A while back I wrote about my Mapleglo Rickenbacker 360/12C63 guitar. At that time I adjusted the truss rods and put a 12-saddle bridge on it.
It played ok, but there was still too much relief in the neck which made playing above the 5th fret or so an adventure.
Not to mention that it suffered from the infamous 'strings-too-close-together' syndrome common to all thin hollowbody Ric 12s. Meaning, my fingers were damping adjacent string pairs inadvertently due to the stock string spacing.
After reading a lot of stuff on the interwebs, I decided to take a shot at making a new nut with revised spacing. And also get that nagging relief out of the neck.
There are a few points (I think five...) where strings pass right over the edge of the cover. The pencil in the picture above shows one of these strings - see how the octave D string contacts the cover as it passes over it.
There's an easy fix and no one will even notice it.
After the filing, I sanded it a bit with 600 grit paper.
Really easy to do and makes your Ric 'modded!'
It also makes it a bit easier to slide the truss rod cover under the strings when you put it back on. You still can't do it with the strings tuned to pitch, but you'll experience less string 'poink' and 'boink' when you slide it on. Since I have muy expensivo Thomastik-Infeld strings on this puppy, I don't want to snag and break them.
Ok, let the real fun begin.
However, after some thought, I decided to dispense with that idea and take the opportunity to plunk down $12 (!) for a gee-whiz 'modern' Tusq nut. It's in the rear in the picture. You will notice that it's black, just like a stock Ric nut. Now, there is no rule against using a white nut on a Ric (well, maybe there is...more on that later), I like the look of the black, especially on a maple guitar, so Tusq it was.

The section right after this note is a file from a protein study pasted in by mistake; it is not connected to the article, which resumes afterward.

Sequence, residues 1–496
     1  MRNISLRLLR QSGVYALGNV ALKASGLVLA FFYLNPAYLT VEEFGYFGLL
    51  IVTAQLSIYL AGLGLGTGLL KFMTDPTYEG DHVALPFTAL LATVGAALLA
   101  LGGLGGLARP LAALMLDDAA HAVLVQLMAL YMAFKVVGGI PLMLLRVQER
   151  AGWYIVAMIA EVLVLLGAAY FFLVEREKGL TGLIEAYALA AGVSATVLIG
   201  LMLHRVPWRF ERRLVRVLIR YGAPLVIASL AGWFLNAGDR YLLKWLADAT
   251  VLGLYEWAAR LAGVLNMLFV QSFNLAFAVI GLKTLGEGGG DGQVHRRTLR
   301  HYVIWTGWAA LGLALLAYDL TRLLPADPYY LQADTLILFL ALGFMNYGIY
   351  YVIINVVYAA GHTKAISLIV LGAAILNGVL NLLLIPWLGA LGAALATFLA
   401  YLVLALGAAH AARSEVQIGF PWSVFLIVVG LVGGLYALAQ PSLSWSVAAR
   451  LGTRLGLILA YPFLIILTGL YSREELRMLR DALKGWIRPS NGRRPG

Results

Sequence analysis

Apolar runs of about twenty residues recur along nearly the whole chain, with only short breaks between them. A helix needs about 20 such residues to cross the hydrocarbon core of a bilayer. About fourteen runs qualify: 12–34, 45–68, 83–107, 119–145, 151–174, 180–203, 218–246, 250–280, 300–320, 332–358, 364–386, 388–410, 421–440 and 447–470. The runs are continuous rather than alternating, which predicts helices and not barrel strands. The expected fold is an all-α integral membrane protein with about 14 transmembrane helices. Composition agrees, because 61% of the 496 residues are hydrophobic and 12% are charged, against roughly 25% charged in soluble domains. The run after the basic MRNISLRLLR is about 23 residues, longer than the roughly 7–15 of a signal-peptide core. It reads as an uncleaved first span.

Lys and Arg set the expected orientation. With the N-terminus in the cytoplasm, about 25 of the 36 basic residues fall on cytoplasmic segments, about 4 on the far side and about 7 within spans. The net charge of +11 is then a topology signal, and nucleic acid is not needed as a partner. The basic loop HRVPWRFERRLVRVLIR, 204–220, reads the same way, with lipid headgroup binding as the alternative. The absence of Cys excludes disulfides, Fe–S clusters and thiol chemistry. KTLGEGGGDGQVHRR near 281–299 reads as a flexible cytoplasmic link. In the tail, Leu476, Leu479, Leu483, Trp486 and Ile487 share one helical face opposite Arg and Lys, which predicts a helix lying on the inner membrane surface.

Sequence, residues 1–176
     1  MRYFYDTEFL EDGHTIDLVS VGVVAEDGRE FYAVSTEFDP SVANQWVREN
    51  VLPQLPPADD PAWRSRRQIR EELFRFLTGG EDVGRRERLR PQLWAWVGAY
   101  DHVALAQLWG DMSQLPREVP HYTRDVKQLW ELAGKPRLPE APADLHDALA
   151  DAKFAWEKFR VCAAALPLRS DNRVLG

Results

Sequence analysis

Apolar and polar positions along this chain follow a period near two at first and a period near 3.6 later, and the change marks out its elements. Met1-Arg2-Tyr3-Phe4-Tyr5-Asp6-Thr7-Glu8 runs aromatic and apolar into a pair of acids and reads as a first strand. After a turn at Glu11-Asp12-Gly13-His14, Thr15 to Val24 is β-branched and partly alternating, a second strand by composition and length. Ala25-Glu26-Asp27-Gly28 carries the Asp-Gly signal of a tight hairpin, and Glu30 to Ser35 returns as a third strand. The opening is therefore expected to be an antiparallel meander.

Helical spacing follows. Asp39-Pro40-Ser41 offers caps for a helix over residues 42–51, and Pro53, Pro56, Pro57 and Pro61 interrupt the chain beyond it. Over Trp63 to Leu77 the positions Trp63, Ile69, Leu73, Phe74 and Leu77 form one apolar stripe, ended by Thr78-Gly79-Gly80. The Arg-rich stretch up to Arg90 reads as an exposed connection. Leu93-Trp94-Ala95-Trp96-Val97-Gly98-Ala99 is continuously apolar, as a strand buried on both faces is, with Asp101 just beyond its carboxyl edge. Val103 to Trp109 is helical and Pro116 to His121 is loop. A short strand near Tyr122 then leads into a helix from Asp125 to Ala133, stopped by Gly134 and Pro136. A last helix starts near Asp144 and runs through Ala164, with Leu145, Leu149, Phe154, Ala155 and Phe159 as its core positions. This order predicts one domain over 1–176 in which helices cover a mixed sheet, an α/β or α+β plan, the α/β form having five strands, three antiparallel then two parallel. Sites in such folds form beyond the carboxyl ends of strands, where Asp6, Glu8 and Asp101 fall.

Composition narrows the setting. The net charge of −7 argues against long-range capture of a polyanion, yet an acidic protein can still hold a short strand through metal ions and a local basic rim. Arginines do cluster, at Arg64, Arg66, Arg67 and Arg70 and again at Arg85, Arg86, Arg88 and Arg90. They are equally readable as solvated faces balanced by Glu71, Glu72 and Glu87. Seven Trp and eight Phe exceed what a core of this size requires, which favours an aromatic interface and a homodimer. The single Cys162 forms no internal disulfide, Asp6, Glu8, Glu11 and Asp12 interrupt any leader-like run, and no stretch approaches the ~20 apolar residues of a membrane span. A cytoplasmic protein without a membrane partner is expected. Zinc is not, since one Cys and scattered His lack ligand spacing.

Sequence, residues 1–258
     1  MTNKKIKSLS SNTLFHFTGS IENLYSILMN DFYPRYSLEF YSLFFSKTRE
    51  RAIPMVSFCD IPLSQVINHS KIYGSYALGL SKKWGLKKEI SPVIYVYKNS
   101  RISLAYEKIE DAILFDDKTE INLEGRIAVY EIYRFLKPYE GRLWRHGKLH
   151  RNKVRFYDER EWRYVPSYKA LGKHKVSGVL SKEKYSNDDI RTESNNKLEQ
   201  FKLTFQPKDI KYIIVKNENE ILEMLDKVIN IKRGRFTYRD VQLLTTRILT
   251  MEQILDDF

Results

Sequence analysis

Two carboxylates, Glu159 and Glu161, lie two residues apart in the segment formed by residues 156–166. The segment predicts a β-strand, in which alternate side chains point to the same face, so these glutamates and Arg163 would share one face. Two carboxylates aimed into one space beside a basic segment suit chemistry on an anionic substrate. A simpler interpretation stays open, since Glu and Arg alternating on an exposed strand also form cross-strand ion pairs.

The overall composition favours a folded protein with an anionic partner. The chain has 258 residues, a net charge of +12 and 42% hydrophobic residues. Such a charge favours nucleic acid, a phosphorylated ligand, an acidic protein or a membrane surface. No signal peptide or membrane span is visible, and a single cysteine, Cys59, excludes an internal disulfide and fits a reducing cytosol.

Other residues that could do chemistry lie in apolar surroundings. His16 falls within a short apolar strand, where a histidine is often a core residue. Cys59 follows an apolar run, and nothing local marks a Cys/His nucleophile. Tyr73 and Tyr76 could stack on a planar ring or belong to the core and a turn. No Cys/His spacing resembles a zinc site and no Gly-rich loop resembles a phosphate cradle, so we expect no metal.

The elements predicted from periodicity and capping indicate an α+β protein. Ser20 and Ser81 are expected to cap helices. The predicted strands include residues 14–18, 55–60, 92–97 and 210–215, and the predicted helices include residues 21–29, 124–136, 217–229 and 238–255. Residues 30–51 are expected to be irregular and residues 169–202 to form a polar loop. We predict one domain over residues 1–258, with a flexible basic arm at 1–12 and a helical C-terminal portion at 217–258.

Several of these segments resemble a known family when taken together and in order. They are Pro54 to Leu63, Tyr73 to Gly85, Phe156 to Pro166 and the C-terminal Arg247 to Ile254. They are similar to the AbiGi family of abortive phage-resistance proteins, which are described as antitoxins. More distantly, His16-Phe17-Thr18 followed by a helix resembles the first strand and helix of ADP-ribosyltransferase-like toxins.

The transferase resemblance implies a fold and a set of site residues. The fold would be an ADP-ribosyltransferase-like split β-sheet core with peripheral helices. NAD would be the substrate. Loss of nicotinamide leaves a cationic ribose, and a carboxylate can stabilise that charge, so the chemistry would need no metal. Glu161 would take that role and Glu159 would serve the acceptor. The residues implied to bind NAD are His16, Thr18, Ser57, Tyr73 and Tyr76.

Now, most luthiers, including my man Dan Erlewine, will tell you that bone, hands-down, is the best material for nuts and saddles. I've made a lot of saddles and nuts out of bone, and I agree. It's easy to work, yet it's dense, and it is far superior than plastic for a fine instrument. (Even a cheap instrument will benefit). Ivory is even better, but other than fossil walrus ivory, it's illegal, and for good reason. And the fossil ivory costs big money.
But the Graphtech people, who make Tusq products, say this about their material:
Bone and Ivory nuts and saddles have one inherent problem - they're made from organic materials, and therefore have inconsistent soft or dead spots because of their natural grain. TUSQ nuts, saddles and bridge pins are precision engineered under high pressure and heat, specifically to govern which frequencies are transferred to your guitar top (tone), and which frequencies remain in the strings (sustain).I am willing to give it a shot. I'm thinking, if it works well, I'll make some for my guitars with vibratos.
Note that to the naked eye, the spacing looks virtually the same between each of the string pairs - that is, the spacing seems to be the same between the two Es, the As, etc.
There is some difference in the spacing on the individual pairs; I'll provide more detail in the next post.
Clearly there is an issue with not enough spacing between adjacent pairs (the B, G and D especially). Studying the stock spacing, and reading about it on the interwebs got me to thinking that the string pairs could be spaced closer together.
By putting each pair closer together, it would create more space between one string pair and the next. We're looking at small amounts here, but those small amounts should make a substantial improvement.
Next we'll calculate the new string spacing and lay it out on the Tusq nut.